With all of this being said, Notre Dame is once again in the national spotlight. The expectations for this program are no longer nine wins and a decent bowl game. Notre Dame fans now expect nothing less than a BCS appearance. This will be the main goal for Brian Kelly and his troops next season.

Ohio State Buckeyes

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    It is basically impossible for any coach in his first year with a new team to outdo Urban Meyer's accomplishments last year at Ohio State. Despite the dark shadows of NCAA sanctions that lingered over the program, he was able to rally the Buckeyes to an undefeated season.

    The pieces are in place for a repeat performance. Much of the Buckeyes' potential success will depend on early Heisman contender Braxton Miller. The star quarterback remains one of the best duel-threat throwers in the country and is extremely difficult to scheme against. Primary tailback Carlos Hyde also returns to set the tone for a rushing attack that ranked tenth in the country.

    On the defensive side of the ball, the team will be without six of its starters on the front seven from last season. If any coach in college football has proven he can find the right places for new contributors, however, Urban Meyer is at the top of the list. 

    Now free from their bowl ban, the Buckeyes have emerged as favorites to go all the way. By this point, basically everyone is aware of how much Meyer wants to win. With the talent on his roster, success will only be reached with a BCS invitation. 

Oregon Ducks

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    If the Oregon Ducks did not lose to Stanford late in the season, they would have likely been playing in the championship game against Notre Dame. Mark Helfrich now takes over a team that boasts arguably the most high-powered offense in college football.

    Despite losing Kenjon Barner, the Oregon offense should once again find the end zone and find it often. Marcus Mariota will be looking to avoid a sophomore slump after accounting for 37 total touchdowns during his freshman campaign. Fellow play-maker De'Anthony Thomas will do his part to make sure the Ducks remain deadly with the ball.

    Normally, the departure of a head coach would lower a team's expectations, but Chip Kelly's decision to leave should not significantly hurt the Ducks. Helfrich has served as offensive coordinator for the past four seasons, which means that he knows every single intricacy of the team's playbook. He should be able to pick up right where Kelly left off.

    The Ducks have the firepower to score points at will. They have made four consecutive BCS bowls, and their speed and athleticism leave them with a golden opportunity to make it five in a row.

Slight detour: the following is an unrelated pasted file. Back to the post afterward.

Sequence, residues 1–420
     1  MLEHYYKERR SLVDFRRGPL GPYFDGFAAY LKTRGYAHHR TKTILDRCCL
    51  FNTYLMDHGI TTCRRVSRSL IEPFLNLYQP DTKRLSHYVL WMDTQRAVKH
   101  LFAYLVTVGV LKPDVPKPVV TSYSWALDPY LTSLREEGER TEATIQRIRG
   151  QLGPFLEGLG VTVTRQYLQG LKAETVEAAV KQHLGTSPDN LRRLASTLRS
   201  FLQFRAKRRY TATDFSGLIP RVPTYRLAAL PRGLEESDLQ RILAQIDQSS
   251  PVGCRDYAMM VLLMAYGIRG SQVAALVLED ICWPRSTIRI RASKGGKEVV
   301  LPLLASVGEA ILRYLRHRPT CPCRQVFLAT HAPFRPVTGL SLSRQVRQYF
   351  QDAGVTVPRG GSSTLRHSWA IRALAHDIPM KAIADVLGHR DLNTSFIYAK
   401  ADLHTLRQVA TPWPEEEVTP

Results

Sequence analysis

South Carolina Gamecocks

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    South Carolina's BCS aspirations primarily stem from the disruptive impact of Jadeveon Clowney.

    Considered by most to be the best defensive player in college football, Clowney is already talented enough to start for an NFL team. If you need proof, click on the provided video and have another look at his now famous Outback Bowl hit on Vincent Smith.

    Clowney will set the tone for a defense that ranked 13th in the nation in points allowed last season. Of course, he will need some of his fellow defenders to step up if he and the Gamecocks expect to maintain their defensive dominance. The unit enters the spring with six new starters on top of the depth chart.

    There should not be quite as much turnover on offense. Both Connor Shaw and Dylan Thompson have spent extensive time under center, but Shaw remains the preferred starter. Furthermore, the Gamecocks have already experienced life without Marcus Lattimore after his 2012 season painfully ended early.

    Because Steve Spurrier has not been able to lead South Carolina to a BCS bowl prior to this point, he and his team are once again flying under the radar as a contender. The time is now for Spurrier to leap the final hurdle. If the right people step up on both sides of the ball, this could very well happen next season.

Stanford Cardinal

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    Stanford defeated Wisconsin in the Rose Bowl, but David Shaw's team has been more frequently remembered as the squad that ruined Oregon's shot at the national title. However, the Cardinal has a great chance to cement its name among the college football elite next season.

    Kevin Hogan took over as quarterback and led the team to six straight wins, including the aforementioned overtime clash with the Ducks. He will return to kick-start a pedestrian passing attack. Unfortunately, the team's leading rusher, Stepfan Taylor, and receiver, Zach Ertz, from 2012 have departed.

    Even if the offense falters a bit, Shaw's defense should be just as effective as it was last season. A.J. Tarpley and Ed Reynolds will provide senior leadership for a talented bunch that ranked 11th in the country in scoring defense.

    Stanford looks to be a program that is not going away anytime soon. If enough players improve on offense, this team should once again be on track for a BCS game.

Texas A&M Aggies

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    No one considered Texas A&M a BCS threat prior to last season. After all, the program was entering its first season in the SEC, and head coach Kevin Sumlin had to hand the offense to a freshman quarterback.

    Luckily for the Aggies, that freshman quarterback was Johnny Manziel.

    We all know the story by now. Seemingly in the blink of an eye, "Johnny Football" became a national phenomenon. He led the Aggies to a huge upset of Alabama and rode one of the most prolific seasons for a quarterback in the sport's history to a Heisman Trophy.

    He returns in 2013, along with running back Ben Malena and leading wide receiver Mike Evans. If you are worried about the Aggies' ability to score points, don't be. They are going to find the end zone with regularity, even after losing three important pass-catchers from last year's squad.

    On defense, the main issue is the replacement of Sean Porter and Jonathan Stewart at the linebacker position and Damontre Moore on the line. If these gaps are effectively filled, other play-makers like Deshazor Everett and Howard Matthews should make the Aggie defensive unit a formidable one.

    Texas A&M emerged as one of the most popular choices for the national title conversation by the end of last season. If Manziel comes anywhere close to replicating his 2012 success, there is no reason why this team should not make a BCS bowl.